And that was it.  I sat around expecting someone to say hi, maybe show me around a little bit, something like that, nothing.  Nothing.  So the next day I start just wandering around this coffee plantation looking for snakes and lizards and things like this.  That’s what I do.  I found a few things. 

I realized real quickly that speaking Spanish wasn’t the problem, because most of the people there also didn’t speak Spanish.  They spoke Kekchi Maya, the local dialect, which of course I didn’t speak either and they didn’t speak Spanish either, so I’m double-lost here on communication. 

So I’m trying to be as friendly as I can and I’m pantomiming grabbing things, looking for things.  When I had something in a container, I would show them a lizard or a frog or a snake or something and say… like pantomime looking for these things.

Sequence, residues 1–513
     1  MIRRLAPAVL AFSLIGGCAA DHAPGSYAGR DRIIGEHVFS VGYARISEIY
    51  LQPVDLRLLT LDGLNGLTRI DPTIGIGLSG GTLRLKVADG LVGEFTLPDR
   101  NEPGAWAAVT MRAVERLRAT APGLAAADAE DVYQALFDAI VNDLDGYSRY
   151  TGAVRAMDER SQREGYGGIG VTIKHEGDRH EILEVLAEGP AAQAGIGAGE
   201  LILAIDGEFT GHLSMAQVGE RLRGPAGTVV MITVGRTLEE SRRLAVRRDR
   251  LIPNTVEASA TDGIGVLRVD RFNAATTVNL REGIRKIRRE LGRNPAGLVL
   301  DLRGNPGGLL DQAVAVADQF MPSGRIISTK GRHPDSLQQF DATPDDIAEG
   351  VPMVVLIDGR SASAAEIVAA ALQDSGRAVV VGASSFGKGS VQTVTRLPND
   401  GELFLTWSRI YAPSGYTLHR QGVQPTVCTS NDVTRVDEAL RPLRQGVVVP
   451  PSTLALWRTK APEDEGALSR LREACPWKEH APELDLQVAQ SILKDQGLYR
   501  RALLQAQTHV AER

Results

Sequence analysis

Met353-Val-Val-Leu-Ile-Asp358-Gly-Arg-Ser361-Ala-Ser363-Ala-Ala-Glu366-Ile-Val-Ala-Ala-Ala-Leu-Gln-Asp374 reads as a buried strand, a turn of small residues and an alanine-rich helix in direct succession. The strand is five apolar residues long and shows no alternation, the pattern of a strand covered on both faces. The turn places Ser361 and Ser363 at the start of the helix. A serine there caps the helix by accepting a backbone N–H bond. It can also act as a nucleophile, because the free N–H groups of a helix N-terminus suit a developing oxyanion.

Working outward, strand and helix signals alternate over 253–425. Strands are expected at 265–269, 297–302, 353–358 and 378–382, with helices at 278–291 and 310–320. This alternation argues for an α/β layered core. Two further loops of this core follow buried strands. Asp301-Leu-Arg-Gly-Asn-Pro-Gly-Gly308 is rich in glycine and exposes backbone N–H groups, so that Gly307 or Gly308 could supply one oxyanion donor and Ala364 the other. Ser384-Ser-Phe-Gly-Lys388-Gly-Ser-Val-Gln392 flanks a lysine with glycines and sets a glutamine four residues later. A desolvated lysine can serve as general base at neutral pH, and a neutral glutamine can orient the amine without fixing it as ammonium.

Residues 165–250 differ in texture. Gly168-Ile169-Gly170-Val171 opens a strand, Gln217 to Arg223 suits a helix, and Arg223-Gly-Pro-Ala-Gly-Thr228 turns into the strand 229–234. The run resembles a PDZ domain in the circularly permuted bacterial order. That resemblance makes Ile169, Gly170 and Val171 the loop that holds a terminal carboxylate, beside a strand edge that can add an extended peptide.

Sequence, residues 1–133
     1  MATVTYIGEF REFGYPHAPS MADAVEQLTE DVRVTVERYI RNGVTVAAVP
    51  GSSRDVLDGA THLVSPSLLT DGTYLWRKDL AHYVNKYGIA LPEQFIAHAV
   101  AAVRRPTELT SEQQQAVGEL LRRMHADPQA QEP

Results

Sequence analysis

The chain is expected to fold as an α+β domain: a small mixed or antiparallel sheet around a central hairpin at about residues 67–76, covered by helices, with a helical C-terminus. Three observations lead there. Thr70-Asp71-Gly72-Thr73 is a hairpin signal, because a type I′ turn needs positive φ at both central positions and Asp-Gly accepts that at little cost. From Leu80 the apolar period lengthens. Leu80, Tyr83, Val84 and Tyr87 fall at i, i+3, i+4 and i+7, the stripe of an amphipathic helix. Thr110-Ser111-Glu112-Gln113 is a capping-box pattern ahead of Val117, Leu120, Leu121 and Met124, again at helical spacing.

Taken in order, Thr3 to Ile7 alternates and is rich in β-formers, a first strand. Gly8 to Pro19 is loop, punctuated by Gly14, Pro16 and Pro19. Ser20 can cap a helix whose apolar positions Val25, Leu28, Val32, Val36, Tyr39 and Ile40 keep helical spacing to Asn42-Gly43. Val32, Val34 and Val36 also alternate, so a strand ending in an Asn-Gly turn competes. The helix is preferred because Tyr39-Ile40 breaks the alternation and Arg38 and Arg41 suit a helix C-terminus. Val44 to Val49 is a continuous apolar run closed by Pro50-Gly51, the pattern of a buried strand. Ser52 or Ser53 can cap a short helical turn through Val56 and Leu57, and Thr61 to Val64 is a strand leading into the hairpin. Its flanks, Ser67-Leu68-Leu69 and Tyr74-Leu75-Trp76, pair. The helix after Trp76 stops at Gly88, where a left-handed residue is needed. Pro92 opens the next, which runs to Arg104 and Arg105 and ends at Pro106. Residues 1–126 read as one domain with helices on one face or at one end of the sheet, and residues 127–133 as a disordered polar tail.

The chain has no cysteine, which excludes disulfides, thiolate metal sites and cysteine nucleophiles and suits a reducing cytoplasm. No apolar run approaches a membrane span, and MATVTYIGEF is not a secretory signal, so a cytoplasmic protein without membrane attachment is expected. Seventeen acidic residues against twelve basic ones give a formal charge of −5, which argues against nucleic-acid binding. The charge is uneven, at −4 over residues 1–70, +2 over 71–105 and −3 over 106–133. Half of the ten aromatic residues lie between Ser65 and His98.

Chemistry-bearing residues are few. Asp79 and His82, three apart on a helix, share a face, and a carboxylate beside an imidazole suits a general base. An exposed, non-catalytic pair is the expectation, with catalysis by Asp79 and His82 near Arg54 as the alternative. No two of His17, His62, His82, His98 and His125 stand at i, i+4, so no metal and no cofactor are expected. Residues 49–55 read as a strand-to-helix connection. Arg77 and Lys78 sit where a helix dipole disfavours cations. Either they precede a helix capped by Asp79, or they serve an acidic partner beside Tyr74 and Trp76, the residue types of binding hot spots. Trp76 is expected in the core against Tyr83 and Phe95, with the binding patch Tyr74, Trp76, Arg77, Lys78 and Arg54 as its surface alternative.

Aside from the obvious communication fiasco, the other problem I realized real quickly is that virtually no one would talk to me or even look at me.  I would walk down trails and I would see people coming down the trail and invariably the same thing would happen.  They would stand to the side and stare straight at the ground and wait until I passed.  If I stopped and tried to say hello in Spanish or anything else, they would just stare at the ground until I left, and then they would get on the trail and walk again. 

So nobody would talk to me.  That was unnerving, to say the least.  This went on for a month.